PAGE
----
The concept that you could realize huge success by learning to do less is fairly pervasive and awfully seductive.

In fact, I seduced you into reading this article by using that concept in the title. We all want to believe there’s a magic trick that would allow us to achieve the things we want while spending more time watching movies or going for long hikes with friends – you know, learning to do less work.

It’s not that you can’t ever do those things, but the truth is that no entrepreneur or business owner succeeds by learning to do less overall. What does lead to great success?

Doing less of the things that don’t meet your true value and doing more of the things that do.

For the owner of a business, entering numbers into a spreadsheet or updating social media channels are rarely activities that meet your true value. So how do you orient your day and your business so that you’re spending more time on the big picture projects and strategies that will lead to growth and learning to do less with the day-to-day activities that keep your business going?

Delegate where you can

Because the day-to-day activities of your business have to keep happening, the only way for you to learn to do less of them is for someone else to do more of them, aka delegating.

Passing along a task to someone else gets it off your plate, but you could actually experience a bigger benefit. An employee or contractor who excels at the tasks that aren’t your core strengths can often see improvements where you can’t. They’re operating in their prime skill zone whereas you were simply doing a thing that needed to get done.

That’s exactly what Reconciled does for our clients. We encourage them to let go of the accounting and bookkeeping tasks (our core strength) so that they can spend their time and energy focusing on their core strength, whether that’s developing a new beer recipe or perfecting their latest app.

Create systems

As an accountant, you’re probably already a pro at systematizing. After all, part of your job is identifying items or processes that are repeatable and can be documented.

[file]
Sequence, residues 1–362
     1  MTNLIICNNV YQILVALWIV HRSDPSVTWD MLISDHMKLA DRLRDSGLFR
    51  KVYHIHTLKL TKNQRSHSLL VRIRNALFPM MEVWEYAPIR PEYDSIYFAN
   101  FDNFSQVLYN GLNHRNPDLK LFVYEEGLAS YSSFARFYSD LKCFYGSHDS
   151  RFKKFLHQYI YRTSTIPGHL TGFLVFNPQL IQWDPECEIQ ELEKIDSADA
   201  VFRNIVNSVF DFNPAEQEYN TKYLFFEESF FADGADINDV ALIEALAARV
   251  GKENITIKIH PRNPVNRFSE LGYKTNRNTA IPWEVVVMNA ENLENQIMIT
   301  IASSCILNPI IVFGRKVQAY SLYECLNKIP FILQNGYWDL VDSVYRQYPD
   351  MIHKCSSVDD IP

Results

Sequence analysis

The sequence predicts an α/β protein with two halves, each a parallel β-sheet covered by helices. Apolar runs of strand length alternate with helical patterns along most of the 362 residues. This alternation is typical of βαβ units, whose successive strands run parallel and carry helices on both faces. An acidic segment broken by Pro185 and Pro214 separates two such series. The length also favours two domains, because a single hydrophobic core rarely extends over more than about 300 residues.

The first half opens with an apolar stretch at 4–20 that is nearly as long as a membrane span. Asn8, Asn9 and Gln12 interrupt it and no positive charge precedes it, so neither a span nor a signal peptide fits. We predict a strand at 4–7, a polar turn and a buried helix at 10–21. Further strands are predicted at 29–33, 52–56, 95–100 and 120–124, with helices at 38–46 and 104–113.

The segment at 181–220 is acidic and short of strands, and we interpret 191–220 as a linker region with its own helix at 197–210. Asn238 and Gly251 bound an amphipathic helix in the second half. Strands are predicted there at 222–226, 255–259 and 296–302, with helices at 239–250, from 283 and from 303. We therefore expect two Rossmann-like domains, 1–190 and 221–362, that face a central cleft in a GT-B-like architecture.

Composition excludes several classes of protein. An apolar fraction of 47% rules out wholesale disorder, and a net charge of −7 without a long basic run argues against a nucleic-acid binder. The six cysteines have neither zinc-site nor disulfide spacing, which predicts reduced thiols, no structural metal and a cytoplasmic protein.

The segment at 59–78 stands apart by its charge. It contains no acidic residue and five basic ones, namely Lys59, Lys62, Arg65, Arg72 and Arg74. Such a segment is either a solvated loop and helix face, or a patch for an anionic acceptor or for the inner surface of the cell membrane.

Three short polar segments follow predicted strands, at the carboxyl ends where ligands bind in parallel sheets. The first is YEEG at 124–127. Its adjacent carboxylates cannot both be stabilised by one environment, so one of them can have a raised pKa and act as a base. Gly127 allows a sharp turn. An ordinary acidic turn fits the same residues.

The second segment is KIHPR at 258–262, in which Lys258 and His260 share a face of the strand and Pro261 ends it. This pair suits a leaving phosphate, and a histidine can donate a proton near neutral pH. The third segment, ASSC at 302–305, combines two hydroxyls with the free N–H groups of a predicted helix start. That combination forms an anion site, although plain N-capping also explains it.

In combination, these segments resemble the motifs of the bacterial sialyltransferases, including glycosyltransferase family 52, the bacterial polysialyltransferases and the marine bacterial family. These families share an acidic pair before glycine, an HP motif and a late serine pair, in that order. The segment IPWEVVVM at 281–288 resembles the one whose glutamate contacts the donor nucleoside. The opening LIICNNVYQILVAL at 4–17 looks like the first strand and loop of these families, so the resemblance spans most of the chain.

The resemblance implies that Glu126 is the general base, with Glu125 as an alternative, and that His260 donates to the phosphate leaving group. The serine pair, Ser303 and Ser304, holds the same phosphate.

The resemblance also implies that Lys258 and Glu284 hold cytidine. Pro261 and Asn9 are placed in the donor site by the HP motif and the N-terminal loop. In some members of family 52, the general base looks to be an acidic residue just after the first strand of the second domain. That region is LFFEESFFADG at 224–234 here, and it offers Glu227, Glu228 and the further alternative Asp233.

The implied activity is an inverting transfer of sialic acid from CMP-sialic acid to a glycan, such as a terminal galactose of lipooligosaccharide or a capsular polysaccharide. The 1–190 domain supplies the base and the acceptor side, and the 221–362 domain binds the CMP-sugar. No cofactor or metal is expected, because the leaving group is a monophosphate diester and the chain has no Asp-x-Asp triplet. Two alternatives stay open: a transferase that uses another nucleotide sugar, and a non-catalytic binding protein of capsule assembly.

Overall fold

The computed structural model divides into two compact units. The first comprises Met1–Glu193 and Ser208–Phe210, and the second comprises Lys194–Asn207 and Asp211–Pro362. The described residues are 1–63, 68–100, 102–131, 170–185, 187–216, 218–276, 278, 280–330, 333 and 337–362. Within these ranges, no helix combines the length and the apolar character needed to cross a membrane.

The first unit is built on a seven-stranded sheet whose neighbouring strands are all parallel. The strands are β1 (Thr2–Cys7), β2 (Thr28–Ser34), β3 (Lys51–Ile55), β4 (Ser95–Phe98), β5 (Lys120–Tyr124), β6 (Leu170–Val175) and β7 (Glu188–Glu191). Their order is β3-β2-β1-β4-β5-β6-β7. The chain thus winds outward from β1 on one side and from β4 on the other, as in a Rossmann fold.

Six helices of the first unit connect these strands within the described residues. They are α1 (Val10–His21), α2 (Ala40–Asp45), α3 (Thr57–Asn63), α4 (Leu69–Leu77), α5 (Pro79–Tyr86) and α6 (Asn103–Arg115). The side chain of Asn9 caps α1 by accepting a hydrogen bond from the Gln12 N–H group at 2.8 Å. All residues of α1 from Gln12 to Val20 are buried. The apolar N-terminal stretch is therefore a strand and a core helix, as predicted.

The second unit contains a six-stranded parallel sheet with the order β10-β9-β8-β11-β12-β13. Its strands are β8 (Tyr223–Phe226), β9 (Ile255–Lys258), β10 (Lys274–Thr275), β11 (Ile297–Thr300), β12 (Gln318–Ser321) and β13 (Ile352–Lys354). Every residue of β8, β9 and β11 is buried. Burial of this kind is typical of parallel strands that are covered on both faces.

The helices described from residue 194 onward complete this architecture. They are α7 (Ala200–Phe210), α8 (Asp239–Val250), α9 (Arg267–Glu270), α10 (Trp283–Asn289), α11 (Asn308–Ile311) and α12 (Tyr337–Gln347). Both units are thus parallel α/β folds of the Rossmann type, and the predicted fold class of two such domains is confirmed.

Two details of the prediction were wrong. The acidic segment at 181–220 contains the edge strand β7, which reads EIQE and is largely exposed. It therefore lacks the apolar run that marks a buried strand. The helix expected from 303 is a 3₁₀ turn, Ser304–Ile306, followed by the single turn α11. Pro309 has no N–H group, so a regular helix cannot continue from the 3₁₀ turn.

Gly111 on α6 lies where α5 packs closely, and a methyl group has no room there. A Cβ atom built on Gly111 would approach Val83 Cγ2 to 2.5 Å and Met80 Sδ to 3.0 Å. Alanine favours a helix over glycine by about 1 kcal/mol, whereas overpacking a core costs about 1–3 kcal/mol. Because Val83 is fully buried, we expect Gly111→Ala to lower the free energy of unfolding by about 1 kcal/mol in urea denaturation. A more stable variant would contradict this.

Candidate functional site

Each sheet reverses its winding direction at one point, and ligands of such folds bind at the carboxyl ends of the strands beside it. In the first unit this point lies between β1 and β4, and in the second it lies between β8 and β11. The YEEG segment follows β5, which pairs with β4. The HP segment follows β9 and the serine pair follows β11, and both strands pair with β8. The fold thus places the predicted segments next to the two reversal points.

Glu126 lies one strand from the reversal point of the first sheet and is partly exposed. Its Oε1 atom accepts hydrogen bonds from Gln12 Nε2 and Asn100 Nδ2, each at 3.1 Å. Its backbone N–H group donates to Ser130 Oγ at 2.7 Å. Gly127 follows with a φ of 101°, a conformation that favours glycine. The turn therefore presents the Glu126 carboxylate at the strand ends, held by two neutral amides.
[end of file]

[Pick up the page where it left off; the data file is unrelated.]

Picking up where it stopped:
But if you haven’t created systems, you’ll need to make space in your schedule to define the processes that make up the role or tasks you’re planning to delegate. Depending on the skillset of the person you hire to take over the task, you may be able to rely on them to create systems for you.

Unfortunately, I find that a lot of business owners have trouble trusting that someone else can do it better than they can.

I tend to assume that, if given the responsibility, most people will try their best and that any potential failure serves as a useful learning experience. But my approach doesn’t feel comfortable for everyone, and that’s where systems can be really helpful.

You can mitigate the risk of failure by thoroughly documenting your processes. If you have a well-documented process, you’re less dependent on an individual’s particular competencies. As long as they can read or use a computer, they should be able to follow the process you’ve created.

Plan for your time

Often when business owners delegate a task, they fail to take a really important pre-delegation step. They don’t set goals or create a plan for how they’ll use that newly available time.

If you wait until you have free time to decide what you’re going to do with it, you’ll just end up filling it with the most urgent thing that needs to be done at that moment. And chances are, that urgent thing doesn’t meet your true value.

Besides, setting a goal will help motivate you to take the steps necessary to delegate.

Use technology to automate

Delegating a task doesn’t always require another person. Sometimes technology can provide the automation that saves you time and avoids spending your mental energy on things that don’t really need your attention.

For instance, at Reconciled we started using an app called Zapier that allows you to configure a sequence of actions based on an initial triggering event. Whenever a new Reconciled customer signs a contract, Zapier automatically creates an internal Slack channel for that client and sends an email to the customer and the bookkeepers involved as well as to our sales team to begin the onboarding process.

Without that automation, someone would have to monitor that process for every new client to make sure things were progressing appropriately.

While all of these steps will help free up your time to focus on the big picture actions that will grow your business, they’ll also help your business and your employees perform better day-to-day. And they’ll make hiring and training new staff easier and more efficient since everything they need to know will be captured in documented systems rather than in someone else’s head.

Doing less probably won’t move your business forward. But learning to do less of the stuff that doesn’t meet your core strengths and more of the stuff that does? That will set you on the path to success.